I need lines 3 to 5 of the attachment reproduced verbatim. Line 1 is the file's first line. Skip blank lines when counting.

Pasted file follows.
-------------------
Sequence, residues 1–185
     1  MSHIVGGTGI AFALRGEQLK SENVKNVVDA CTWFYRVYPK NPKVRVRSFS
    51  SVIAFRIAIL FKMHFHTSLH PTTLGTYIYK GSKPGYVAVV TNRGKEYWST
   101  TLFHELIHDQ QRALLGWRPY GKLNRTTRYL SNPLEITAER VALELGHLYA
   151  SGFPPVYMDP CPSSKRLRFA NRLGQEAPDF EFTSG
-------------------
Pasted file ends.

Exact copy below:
    51  SVIAFRIAIL FKMHFHTSLH PTTLGTYIYK GSKPGYVAVV TNRGKEYWST
   101  TLFHELIHDQ QRALLGWRPY GKLNRTTRYL SNPLEITAER VALELGHLYA
   151  SGFPPVYMDP CPSSKRLRFA NRLGQEAPDF EFTSG